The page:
Your Life

Your Life

Major life milestones often have a major tax impact. Changes in your marital status, having a baby or adopting a child can have significant impact on your taxes. This is the place to ask questions about dependents, real estate, and other various scenarios that play a significant role in what taxes you pay.

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Pioneer
Posts: 1
Registered: ‎09-12-2017

Can I claim dependents married filing seperately?

Hi

 

I filed for divorce November 2016 and moved out. I earned 80K wife earned 20K. I found out she had nothing withheld from her paycheck. I finally got her to come across with tak info for 2016 (nice, right?) - If I fill out a joint return we end up owing 4K - I am wondering if I file separately, can I claim the kids since I was the major bread earner?

 

Thanks

 

 

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Tax Pro
Posts: 5,536
Registered: ‎02-23-2016

Re: Can I claim dependents married filing seperately?

Hi craynernh,

 

 

Welcome to the H&R Block community.

 

So when it comes to divorce there are a lot of tax rules.  I'll kind of lay everything out for you so that you'll have a guide for the future as well as for your current question.

 

So if both of you qualify to claim the kids under the general qualifying child rules (which I've provided below) then we go to the tiebreaker rules (provided below after the general rules).  Assuming that both of you meet the general requirements, the first tiebreaker (when both parties are parents) is the amount of time spent with each parent.  If the kids lived with their mother for more nights during the year then she is the custodial parent and has the higher right to claim them regardless of anything else.  The opposite is true if they lived with you for more nights during the year.  If the kids lived with each of you for an equal number of nights then the parent with the greater adjusted gross income (you) has the higher right to claim them.

 

With all of that said, if you've agreed or should you agree among each other or through the court to rotate years claiming the kids or something of that nature then the custodial parent must provide the non-custodial parent with a signed copy of Form 8332 which releases the kids' exemptions for the years in which the non-custodial parent is to claim them.  Without a signed copy of Form 8332 the non-custodial parent cannot claim the kids regardless of what the divorce or separation agreement says (this would be different if the divorce had been finalized before December 31, 2008.  This means that if you are the custodial parent your spouse will not be able to claim the kids' exemptions unless you provide her with a signed copy of Form 8332 (no exceptions).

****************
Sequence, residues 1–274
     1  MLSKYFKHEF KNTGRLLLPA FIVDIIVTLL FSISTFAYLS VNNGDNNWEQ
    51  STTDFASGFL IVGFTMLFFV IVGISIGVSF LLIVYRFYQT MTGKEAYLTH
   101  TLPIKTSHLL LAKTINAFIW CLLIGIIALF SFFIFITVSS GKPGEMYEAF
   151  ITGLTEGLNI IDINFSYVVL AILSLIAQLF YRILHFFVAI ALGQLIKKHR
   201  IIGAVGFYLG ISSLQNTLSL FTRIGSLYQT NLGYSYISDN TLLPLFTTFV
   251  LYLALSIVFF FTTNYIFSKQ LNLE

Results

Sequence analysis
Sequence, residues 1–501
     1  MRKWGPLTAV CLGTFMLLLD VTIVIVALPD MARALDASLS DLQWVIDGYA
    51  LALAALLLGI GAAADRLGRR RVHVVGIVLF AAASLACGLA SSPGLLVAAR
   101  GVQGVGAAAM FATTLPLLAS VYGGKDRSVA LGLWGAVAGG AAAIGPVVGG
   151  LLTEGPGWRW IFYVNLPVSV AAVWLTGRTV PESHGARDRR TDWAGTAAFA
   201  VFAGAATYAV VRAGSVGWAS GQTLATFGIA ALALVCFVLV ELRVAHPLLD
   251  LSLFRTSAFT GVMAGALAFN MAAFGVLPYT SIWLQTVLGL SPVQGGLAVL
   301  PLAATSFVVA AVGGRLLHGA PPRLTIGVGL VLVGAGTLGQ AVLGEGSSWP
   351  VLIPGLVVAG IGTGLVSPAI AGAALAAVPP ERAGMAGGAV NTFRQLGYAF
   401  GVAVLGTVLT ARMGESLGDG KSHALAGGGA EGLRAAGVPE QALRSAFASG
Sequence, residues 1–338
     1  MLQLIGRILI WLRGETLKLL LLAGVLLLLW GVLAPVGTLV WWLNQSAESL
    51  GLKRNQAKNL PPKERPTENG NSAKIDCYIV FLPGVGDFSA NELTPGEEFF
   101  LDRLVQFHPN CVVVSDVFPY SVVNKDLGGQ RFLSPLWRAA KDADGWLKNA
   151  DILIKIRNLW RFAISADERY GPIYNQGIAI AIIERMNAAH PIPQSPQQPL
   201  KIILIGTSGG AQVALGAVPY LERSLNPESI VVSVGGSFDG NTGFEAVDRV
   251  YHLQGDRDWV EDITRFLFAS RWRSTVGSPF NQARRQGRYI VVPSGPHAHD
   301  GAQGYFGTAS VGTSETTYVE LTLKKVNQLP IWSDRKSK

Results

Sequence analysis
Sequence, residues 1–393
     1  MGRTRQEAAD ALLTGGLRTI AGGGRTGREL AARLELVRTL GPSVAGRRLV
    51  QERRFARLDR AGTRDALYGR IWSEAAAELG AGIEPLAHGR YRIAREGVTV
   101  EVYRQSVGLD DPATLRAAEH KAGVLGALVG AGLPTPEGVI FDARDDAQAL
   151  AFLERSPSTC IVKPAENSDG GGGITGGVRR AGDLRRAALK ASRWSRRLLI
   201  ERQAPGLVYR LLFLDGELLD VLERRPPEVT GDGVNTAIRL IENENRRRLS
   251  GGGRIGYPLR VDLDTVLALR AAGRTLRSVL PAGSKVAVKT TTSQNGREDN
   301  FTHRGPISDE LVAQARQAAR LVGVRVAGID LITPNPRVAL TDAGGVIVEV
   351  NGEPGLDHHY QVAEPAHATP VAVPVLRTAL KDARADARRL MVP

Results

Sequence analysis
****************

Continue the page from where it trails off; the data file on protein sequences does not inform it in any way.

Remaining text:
If you lived together for all of 2016 but file separately then with you having the higher adjusted gross income the right to claim would go to you.  However, if you separated before the end of the year then you would have to follow through with all of the rules below to see who has the higher right since the kids would probably have lived with one of you for more nights then the other.

 

QUALIFYING CHILD REQUIREMENTS

In order to claim a child as your qualifying child the child must:

  • be related to you
  • live with you for more than half of the year
  • provide less than 50% of his or her own support
  • not have filed a joint return with another taxpayer
  • be under age 18, or under age 24 if in school full time

 

TIEBREAKER RULES

If all of the general requirements are met by more than one person then this set of rules comes into play.  The tiebreakers (in order) are:

  1. The parent has the higher right to claim.
  2. If both parties are parents then the parent with whom the child lived for the greater number of nights during the year has the higher right to claim.
  3. If the child lived with both parents for the same number of nights during the year then the parent with the higher AGI has the higher right to claim.
  4. If neither party is a parent then the party with the higher AGI has the higher right to claim.
  5. If a parent is eligible to claim the child but no parent actually claims the child then the party with the highest AGI who's AGI is higher than any parent has the higher right to claim.

 

So I have a question for you to kind of start getting this figured out.  Did you live together for the entire year in 2016 or did you separate?  If you separated, who did the kids stay with?

 

Louis,

Senior Tax Advisor (Tampa, FL)